Habits of Successful Higher Ed Doctoral Students

I recently moved to a new apartment and as I was unpacking I came across my notes from last year’s NASPA Doctoral Seminar in Chicago. One page of notes is from a panel discussion where faculty discussed habits and traits of successful doctoral students. Carney Strange moderated the session but I don’t remember or have written down the names of all of the faculty on the panel. I know Deborah Liddell was on the panel because I specifically noted a quote from here. I think George Kuh was also on the panel and I only remember that because he was a faculty member at my institution and the director of the research center at which I worked.

The most successful Higher Education doctoral students…

  • Read
  • Write
  • Read others’ dissertations
  • Keep a writing journal or log
  • Treat their education like a job, including scheduling reading and writing (this tip was aimed particularly at part-time students)
  • Know their motivation(s)
  • Do the damn thing e.g. don’t read about writing a dissertation, just sit down and write it
  • Know that doctoral studies is not about their capabilities; everyone admitted to a doctoral program is capable of completing it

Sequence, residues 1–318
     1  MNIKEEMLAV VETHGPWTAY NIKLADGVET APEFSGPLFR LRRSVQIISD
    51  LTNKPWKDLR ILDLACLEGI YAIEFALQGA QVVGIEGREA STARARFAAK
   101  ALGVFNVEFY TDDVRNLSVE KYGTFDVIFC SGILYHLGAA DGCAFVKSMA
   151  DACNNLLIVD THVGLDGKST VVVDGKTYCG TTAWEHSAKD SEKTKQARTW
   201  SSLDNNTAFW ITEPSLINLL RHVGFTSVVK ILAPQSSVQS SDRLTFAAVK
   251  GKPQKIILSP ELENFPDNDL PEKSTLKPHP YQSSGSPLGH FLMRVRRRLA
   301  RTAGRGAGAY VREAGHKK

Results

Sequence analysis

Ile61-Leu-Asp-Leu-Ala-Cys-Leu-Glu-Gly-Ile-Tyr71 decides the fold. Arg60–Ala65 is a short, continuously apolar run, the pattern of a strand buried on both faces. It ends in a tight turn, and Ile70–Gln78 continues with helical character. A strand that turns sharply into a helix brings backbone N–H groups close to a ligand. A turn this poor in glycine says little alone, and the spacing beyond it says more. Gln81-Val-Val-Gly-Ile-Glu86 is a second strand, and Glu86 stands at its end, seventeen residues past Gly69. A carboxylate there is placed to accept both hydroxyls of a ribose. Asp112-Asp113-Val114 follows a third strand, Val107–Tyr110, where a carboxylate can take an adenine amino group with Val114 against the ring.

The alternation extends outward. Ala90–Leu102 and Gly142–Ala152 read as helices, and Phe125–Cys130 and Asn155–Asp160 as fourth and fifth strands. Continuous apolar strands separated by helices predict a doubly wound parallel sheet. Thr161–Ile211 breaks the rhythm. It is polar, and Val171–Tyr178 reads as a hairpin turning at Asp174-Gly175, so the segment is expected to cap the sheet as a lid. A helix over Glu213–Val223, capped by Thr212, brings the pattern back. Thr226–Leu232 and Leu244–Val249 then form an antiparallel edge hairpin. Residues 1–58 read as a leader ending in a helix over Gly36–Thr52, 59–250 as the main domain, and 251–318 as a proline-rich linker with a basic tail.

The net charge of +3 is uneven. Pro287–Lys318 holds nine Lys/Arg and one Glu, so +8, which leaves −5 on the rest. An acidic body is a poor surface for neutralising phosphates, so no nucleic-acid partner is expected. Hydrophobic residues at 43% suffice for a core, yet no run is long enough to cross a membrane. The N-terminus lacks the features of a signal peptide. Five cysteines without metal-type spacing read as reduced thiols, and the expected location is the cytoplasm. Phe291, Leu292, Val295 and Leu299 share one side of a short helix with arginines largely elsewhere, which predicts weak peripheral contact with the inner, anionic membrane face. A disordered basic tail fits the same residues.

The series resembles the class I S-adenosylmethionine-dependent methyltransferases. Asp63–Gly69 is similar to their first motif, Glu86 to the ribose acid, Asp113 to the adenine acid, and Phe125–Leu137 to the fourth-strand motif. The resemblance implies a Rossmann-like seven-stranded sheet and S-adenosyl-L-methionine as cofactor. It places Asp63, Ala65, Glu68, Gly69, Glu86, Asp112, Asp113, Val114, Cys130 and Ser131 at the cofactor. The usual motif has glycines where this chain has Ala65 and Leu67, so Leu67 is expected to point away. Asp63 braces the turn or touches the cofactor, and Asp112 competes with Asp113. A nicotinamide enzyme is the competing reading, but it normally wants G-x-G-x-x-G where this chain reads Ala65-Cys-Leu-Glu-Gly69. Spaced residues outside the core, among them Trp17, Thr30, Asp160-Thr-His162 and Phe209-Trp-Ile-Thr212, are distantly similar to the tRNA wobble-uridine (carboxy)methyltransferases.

• Remembers that “it’s just a place to develop habits”
  • Asks questions
  • Knows that “it’s about how you lean into life” and life still goes on outside and beyond their studies
  • Are willing to stick their feet in the water without knowing what will happen e.g. take risks, display trust
  • Know that their dissertation is not their life’s work
  • “Wrestle [their] perfection to the ground” – Deborah Liddel, University of Iowa







2 responses to “Habits of Successful Higher Ed Doctoral Students”

  1. Dr. Mark Taormino Avatar
    Dr. Mark Taormino

    I could not agree more with these statements. Each one offers tremendous insight. The one item that resonates with me is to treat the dissertation like a job. The dissertation process requires discipline and consistency. Keep plugging away. Every step in the process has value, even though at the time it might seem to make little sense. Also importantly, the dissertation is an academic process, not your life work, but will well prepare you for future pursuits. I am going to bookmark these points for future reference by doctoral students. These items are some of the most pointed, succinct, and meaningful recommendations I have come across that could benefit any doctoral student. I commend the practicality and wisdom!

  2. Kevin R. Guidry Avatar

    Thanks Mark! I must have thought it all good advice, too, because it’s relatively rare that I take detailed notes. There were some really smart, experienced faculty on that panel so I must have had high expectations. And it looks like they met those expectations. I’m happy this will be useful to others and I’m sure the faculty involved would be happy, too!

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